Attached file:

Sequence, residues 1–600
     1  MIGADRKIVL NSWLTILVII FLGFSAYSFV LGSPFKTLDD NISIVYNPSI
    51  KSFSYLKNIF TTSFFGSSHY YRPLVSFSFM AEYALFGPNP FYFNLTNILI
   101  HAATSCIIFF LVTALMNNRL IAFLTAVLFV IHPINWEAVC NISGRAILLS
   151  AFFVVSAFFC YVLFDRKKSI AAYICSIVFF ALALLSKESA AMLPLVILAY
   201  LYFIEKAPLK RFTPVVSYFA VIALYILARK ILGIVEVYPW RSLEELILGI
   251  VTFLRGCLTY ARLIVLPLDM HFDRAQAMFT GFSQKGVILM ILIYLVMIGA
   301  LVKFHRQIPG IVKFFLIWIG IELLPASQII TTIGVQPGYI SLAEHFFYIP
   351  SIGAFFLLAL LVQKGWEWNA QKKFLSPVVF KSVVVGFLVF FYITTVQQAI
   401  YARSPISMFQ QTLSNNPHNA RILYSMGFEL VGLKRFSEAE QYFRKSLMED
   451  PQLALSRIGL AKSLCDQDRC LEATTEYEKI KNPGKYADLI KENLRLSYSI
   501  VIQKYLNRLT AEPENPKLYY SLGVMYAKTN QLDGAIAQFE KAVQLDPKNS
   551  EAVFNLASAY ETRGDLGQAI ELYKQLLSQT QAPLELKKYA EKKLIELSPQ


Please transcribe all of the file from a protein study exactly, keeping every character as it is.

Sequence, residues 1–600
     1  MIGADRKIVL NSWLTILVII FLGFSAYSFV LGSPFKTLDD NISIVYNPSI
    51  KSFSYLKNIF TTSFFGSSHY YRPLVSFSFM AEYALFGPNP FYFNLTNILI
   101  HAATSCIIFF LVTALMNNRL IAFLTAVLFV IHPINWEAVC NISGRAILLS
   151  AFFVVSAFFC YVLFDRKKSI AAYICSIVFF ALALLSKESA AMLPLVILAY
   201  LYFIEKAPLK RFTPVVSYFA VIALYILARK ILGIVEVYPW RSLEELILGI
   251  VTFLRGCLTY ARLIVLPLDM HFDRAQAMFT GFSQKGVILM ILIYLVMIGA
   301  LVKFHRQIPG IVKFFLIWIG IELLPASQII TTIGVQPGYI SLAEHFFYIP
   351  SIGAFFLLAL LVQKGWEWNA QKKFLSPVVF KSVVVGFLVF FYITTVQQAI
   401  YARSPISMFQ QTLSNNPHNA RILYSMGFEL VGLKRFSEAE QYFRKSLMED
   451  PQLALSRIGL AKSLCDQDRC LEATTEYEKI KNPGKYADLI KENLRLSYSI
   501  VIQKYLNRLT AEPENPKLYY SLGVMYAKTN QLDGAIAQFE KAVQLDPKNS
   551  EAVFNLASAY ETRGDLGQAI ELYKQLLSQT QAPLELKKYA EKKLIELSPQ